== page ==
"The perfect model for a small independent is the Kitchenaid K50," says Angie Robinson at Apuro. Available in white or grey, this robust model (pictured far right) measures in at 411x264x338mm, taking up minimal space in the kitchen. It comes with two 4.8-litre stainless steel bowls (suitable for baking cakes), as well as a host of attachments including flat beater, dough hook and wire whisk. The direct drive motor, and unique planetary mixing action, makes the K50 one of the most efficient models available, she says."A wide range of other attachments is available including a mincer, ice cream attachment and fruit/vegetable strainer, making the K50 the most versatile model on the market.""I would recommend a bench-top commercial planetary mixer," says Stephen Steadman at Pentagram Equipment. "We offer sizes ranging from 5-20 litres from Salva. In contrast to domestic kitchen models, our machines have stronger motors and component parts. Alternatively, with Escher (pictured below left) we can supply planetary mixers from 20kg-80kg."However, every bakery establishment should have a 20-litre bench model planetary mixer, advises Mike Hampson of Becketts. "It should have three speeds driven through a gearbox. This machine will inevitably be mistreated and overloaded, and so smaller capacity or lighter built machines should be avoided. The original Hobart design is a classic, now widely copied, at much-reduced prices. The quality of the copies varies greatly between manufacturers, but the good ones are comparable to the original. So it is important to purchase from a reputable source with the appropriate warranty."Alternatively, you could consider a refurbished Hobart. It is unlikely that these machines will have a safety guard, and should therefore be avoided - even if it will be only the proprietor using the machine. The position with the HSE is unclear, and the cost of retro-fitting a guard prohibitive."----=== 2I am a one-shop baker with a traditional mix of products, from morning goods to confectionery, made on-site. My spiral mixer is on its last legs and I'm after a workhorse mixer that is versatile and can take quite a lot of punishment. ==="The spiral mixer is the ideal machine for this application, as long as there is a 20-litre planetary mixer as well," says Mike Hampson. "To replace the belts, bearings and timers on the original, 'last legs' machine could easily cost 50% of the cost of a new mixer, and so should not be considered."When comparing new spiral mixers, it is the strength of the machine that will influence reliability and length of service, he says. Strength, in turn, is indicated by weight and motor power. There are further differences between machines in bowl and tool speeds, which cause higher dough temperatures or longer mix times, but these differences have reduced, as manufacturers have found the best compromise."The most important consideration is therefore the UK supplier and the support that is available in the unlikely event that it is required," says Hampson."I would recommend to any one-shop baker the Bear Varimixer RN10 TT," says Angie Robinson. This versatile and robust table-top model is made to be used, and comes supplied with a carefully designed stainless steel bowl, whip, beater and hook. Measuring in at 639x369x592mm, the RN10 TT (pictured below left) is a compact, heavy-duty mixer; and for those kitchens with more floor space, there is a floor-standing model available.Attachments available for the RN10 TT include meat mincer, vegetable cutter and nylon scraping blade. "This machine really can cater for any situation and it will never let you down," says Robinson. "I would recommend a new spiral mixer," says Stephen Steadman. "Escher (below right) has over 1,500 in the UK, used by two major supermarket chains, which demonstrates their robustness and reliability."The machines have a patented drive system giving 25% more power to the spiral tool.All the mixers have two motors, two timers and bowl reverse in first speed. "Dependent on the size you require, we can supply the fixed-bowl mixers, ranging from 40kg-200kg."----=== 3I am a bread baker, who has found some success producing bread for farmers' markets. Now I'm looking to step up production, with plans to rent my own unit, in order to service wholesale customers. I'm producing a range of speciality breads, and need a mixer that is gentle enough for long-fermented, French-style doughs. ==="Firstly, whether or not 'long-fermented' is bulk-fermented, removable-bowl mixers would cost approximately twice that of a fixed-bowl machine," Mike Hampson points out. "Assuming that there will be various recipes, and only a moderate volume in total, any bulk doughs could be transferred to a trough.Some may suggest that a fork-type or a twin-arm mixer should take preference in this application. "Although we can offer both these options, sales of spiral mixers in France support the notion that they can deliver the right results with French-style doughs. As this is a new project, and as the resale of a fork or twin-arm mixer would be difficult, we would recommend a spiral.""For a baker looking to step up production, then look no further than the robust Quattro QPM20," says Angie Robinson. "With a 20-litre capacity, this unit can more than cater for mass productions, with reliability and safety guaranteed." The QPM20 (pictured right) comes with a 30-minute digital timer, a choice of three speeds and a stainless steel bowl, beater, whisk and dough hook. This floor-standing model comes equipped with safety micro-switches on the bowl lift and cover, as well as a stainless steel guard. "Made using the most modern manufacturing techniques, the QPM20 is ideal for preparing doughs and other fresh products," she says."I would recommend either a spiral mixer or twin-arm mixer," says Stephen Steadman. "We offer sizes from 32kg of dough to 200kg of dough."The benefit of the double-arm mixer is that a more gentle mixing action is used for bringing together all the ingredients, ready for bulk fermentation. Where more energy is required, spiral mixers are beneficial; and mixing time would vary according to the type and size of spiral mixer offered, he says.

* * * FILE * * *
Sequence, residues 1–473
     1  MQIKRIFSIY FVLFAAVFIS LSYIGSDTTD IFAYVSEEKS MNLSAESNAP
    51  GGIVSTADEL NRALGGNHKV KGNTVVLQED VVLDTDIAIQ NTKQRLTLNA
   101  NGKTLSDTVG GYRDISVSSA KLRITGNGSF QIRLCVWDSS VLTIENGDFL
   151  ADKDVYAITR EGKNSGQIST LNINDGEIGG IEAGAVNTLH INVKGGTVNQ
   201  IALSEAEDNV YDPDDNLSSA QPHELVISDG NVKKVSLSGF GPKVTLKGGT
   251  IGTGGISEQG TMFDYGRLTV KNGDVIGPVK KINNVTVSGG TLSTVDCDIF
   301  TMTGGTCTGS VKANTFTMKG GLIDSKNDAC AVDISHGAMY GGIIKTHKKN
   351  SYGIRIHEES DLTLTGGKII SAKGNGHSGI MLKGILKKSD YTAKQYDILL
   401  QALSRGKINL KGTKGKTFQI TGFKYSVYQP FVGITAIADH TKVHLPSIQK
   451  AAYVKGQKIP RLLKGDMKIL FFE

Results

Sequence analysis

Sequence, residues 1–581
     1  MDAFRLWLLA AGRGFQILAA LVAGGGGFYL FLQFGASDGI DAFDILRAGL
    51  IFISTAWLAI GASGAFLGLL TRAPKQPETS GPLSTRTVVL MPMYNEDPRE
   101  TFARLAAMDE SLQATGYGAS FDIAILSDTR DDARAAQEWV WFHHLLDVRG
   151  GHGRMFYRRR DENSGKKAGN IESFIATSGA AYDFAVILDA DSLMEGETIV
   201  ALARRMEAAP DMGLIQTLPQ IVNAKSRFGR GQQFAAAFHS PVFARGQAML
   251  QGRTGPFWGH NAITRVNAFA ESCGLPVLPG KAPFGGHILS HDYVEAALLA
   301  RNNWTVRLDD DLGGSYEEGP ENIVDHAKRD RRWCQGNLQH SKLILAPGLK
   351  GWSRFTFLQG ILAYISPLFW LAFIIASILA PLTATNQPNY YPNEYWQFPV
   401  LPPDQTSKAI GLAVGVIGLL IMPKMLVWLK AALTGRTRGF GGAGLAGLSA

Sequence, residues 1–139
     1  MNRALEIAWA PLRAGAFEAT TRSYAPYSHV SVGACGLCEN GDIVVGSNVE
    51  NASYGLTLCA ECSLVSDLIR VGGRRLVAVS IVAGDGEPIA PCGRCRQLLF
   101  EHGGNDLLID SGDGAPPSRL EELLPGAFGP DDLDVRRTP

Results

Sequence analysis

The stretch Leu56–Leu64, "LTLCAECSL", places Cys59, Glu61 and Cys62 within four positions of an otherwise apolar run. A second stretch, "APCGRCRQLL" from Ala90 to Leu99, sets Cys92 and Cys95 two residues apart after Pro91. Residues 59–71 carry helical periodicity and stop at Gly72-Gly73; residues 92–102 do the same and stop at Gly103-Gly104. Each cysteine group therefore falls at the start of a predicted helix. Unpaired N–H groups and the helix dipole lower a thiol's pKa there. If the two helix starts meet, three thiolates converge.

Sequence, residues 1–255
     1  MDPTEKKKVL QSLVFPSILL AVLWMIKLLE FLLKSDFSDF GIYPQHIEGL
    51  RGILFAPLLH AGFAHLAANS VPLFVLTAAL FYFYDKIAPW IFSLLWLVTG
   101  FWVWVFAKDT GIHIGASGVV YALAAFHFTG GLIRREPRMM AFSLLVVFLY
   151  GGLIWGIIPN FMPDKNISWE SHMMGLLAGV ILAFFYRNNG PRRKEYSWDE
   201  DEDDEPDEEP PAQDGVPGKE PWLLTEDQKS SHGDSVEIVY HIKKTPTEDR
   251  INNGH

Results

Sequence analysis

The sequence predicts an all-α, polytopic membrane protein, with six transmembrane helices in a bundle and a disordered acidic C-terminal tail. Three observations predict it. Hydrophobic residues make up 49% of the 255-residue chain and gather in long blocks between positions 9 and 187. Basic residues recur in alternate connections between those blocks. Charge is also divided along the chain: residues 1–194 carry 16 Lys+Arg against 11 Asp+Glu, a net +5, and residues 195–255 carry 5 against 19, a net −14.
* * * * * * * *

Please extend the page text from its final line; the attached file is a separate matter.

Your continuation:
The good mixer
04 April, 2008
Every bakery making products from scratch needs a mixer - at least one! But the options depend on the type of business. Using three invented scenarios, we asked equipment suppliers for their views. Bill Lavers reports
=== 1I am an independent café operator, with limited kitchen space. I buy in many products finished and for bake-off, but I require a mixer for the occasional home-made cake, for batters and for icings. ===